Learning Greek with Helen DeWitt

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Helen DeWitt’s The Last Samurai was published in 2000, loved by a small batch of devoted readers, overshadowed by the bad Tom Cruise film of the same name, and fell into print-on-demand obscurity a few years later. I only came to it when, due to that devoted batch of early readers’ commitment to spreading the word, Vintage reissued it last year. I loved it, for some of the usual reasons (it made me laugh; it made me cry), and one unusual one (it made me want to learn Classical Greek).

The Last Samurai is a wildly brilliant novel about a depressed genius mother and her precocious genius son, who spend their time re-watching The Seven Samurai and keeping warm by riding the Circle Line all day, while reading Homer in the original Greek. There’s a lot to take away from the novel, but the main thing I took from it was: if a precocious five-year-old can learn Greek, surely a somewhat lazy 33-year-old can give it a good go?

I sent a dumb tweet about it, and promptly forgot the idea, until Five Books posted their best books on learning Ancient Greek, and I thought, maybe I can do this? I mentioned it in passing to a friend who told me about an ex who, on a whim, taught herself Greek GCSE and A-level and was now doing a second degree in Classics at Cambridge, and I thought to myself, maybe I can do this!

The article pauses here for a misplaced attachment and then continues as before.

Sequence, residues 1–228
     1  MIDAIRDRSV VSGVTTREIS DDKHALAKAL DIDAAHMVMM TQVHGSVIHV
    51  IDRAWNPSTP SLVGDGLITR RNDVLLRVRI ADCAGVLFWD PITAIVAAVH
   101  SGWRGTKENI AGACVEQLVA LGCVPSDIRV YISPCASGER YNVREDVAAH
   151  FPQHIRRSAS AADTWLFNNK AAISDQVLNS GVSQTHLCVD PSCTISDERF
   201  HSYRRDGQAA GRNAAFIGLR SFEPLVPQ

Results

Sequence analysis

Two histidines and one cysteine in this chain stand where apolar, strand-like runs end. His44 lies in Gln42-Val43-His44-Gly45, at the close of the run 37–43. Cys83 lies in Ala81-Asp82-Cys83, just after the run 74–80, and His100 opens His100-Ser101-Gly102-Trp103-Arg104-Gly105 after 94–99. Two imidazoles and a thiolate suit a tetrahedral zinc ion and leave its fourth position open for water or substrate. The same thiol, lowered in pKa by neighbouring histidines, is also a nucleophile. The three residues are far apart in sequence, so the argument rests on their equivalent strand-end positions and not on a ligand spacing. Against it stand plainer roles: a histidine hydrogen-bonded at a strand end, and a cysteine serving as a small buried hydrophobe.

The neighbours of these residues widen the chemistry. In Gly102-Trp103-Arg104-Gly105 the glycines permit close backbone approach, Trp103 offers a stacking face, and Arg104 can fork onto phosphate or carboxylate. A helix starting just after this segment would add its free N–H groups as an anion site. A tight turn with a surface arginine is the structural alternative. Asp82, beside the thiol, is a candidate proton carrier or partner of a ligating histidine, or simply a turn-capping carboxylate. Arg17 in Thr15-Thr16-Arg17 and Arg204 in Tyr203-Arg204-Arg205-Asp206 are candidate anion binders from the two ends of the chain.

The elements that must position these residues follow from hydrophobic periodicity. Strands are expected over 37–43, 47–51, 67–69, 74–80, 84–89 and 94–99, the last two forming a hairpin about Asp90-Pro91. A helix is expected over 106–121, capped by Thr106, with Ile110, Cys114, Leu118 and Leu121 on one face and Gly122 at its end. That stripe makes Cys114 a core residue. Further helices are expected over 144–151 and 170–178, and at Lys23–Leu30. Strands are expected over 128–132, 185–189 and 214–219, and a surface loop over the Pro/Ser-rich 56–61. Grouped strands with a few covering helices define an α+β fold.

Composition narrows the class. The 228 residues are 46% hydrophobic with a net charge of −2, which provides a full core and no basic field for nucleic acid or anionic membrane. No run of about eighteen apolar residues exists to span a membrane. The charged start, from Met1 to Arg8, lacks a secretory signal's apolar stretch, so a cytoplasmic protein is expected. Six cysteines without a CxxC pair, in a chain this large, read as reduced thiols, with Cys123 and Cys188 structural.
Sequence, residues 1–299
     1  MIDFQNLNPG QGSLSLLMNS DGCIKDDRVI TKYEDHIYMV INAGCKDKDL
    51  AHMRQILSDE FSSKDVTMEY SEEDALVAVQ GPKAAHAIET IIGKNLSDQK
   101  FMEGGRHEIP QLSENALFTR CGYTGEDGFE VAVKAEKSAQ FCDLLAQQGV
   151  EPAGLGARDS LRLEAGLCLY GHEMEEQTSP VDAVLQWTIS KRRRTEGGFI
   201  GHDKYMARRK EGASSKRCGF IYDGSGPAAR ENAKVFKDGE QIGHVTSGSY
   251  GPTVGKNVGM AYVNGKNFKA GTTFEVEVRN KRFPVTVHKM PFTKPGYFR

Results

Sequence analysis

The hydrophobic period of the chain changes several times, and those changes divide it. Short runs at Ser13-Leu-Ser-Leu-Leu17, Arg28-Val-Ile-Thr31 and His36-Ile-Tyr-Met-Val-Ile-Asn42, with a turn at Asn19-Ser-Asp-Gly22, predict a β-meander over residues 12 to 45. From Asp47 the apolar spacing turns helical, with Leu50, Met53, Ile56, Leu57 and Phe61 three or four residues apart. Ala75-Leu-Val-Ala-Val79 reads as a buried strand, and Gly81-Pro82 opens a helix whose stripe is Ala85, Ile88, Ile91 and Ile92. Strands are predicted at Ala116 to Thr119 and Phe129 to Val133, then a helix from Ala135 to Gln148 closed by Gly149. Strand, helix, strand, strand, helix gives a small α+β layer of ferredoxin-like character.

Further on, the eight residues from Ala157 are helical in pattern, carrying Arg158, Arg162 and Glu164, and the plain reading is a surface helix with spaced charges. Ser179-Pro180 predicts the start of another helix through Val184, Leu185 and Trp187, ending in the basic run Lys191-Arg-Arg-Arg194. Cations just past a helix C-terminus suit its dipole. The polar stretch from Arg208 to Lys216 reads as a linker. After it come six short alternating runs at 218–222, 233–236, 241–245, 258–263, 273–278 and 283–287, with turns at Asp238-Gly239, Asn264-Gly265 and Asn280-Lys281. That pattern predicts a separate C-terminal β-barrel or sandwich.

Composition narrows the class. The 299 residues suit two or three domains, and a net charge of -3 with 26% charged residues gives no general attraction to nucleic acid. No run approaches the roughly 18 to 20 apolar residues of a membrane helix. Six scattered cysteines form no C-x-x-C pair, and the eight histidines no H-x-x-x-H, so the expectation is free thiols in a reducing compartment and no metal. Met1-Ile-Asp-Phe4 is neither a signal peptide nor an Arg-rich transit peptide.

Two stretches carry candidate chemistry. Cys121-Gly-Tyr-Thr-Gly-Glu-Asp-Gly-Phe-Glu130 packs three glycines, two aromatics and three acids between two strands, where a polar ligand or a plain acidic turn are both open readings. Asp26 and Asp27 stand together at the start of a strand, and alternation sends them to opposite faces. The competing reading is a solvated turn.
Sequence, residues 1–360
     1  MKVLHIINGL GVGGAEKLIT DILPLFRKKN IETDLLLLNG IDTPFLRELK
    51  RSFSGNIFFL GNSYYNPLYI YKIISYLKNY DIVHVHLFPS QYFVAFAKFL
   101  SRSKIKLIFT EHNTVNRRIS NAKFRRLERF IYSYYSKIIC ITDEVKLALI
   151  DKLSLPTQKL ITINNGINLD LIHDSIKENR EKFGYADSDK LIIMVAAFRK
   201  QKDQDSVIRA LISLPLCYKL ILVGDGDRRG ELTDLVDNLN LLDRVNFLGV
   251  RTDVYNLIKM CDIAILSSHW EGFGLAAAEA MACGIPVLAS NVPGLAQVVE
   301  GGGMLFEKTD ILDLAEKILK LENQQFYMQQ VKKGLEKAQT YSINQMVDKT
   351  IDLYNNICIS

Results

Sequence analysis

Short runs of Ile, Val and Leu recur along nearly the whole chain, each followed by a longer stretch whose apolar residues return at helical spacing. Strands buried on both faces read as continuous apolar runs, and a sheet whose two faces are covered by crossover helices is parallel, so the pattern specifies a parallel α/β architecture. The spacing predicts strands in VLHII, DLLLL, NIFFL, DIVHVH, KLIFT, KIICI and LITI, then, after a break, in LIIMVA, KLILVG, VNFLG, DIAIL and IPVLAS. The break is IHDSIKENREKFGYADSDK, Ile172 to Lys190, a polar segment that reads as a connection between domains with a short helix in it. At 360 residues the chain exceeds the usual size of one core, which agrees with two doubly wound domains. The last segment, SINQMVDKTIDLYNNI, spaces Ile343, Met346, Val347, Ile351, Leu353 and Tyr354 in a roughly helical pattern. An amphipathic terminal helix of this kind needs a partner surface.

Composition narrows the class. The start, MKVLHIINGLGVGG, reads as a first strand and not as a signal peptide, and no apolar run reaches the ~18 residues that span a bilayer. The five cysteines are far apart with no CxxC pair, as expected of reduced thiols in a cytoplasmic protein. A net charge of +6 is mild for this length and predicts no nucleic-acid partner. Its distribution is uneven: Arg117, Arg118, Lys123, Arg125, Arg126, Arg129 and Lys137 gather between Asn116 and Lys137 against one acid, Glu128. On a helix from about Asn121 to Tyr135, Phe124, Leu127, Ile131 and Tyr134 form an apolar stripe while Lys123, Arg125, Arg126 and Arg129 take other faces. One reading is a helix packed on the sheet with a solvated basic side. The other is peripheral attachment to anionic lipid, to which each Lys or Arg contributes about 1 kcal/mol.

I haven’t got that far yet, but I took the universe’s hints and am now slowly, laboriously attempting to get to grips with declensions and conjugations in Classical Greek for Absolute Beginners classes at CityLit. I don’t know if you’ve tried to learn anything new as an adult, but let me tell you, it is not easy. Of course, I never appreciated the brilliant elasticity of my adolescent brain when I had it, but now that I’m attempting to use the unoiled cogs of my creaking thirtysomething brain, I lament that I didn’t make more of it.

I’d have liked to have shown off by writing some of this post in Classical Greek, but learning Greek is weird in that you learn how to say ‘the Persian barbarians are attacking the harbour’ long before you learn to say ‘I am learning Greek. It is fun,’ so there’s very little of relevance I could add. But I feel I’m getting somewhere – maybe not back to university for another degree, but onto the Circle Line with a copy of The Odyssey would do me just fine.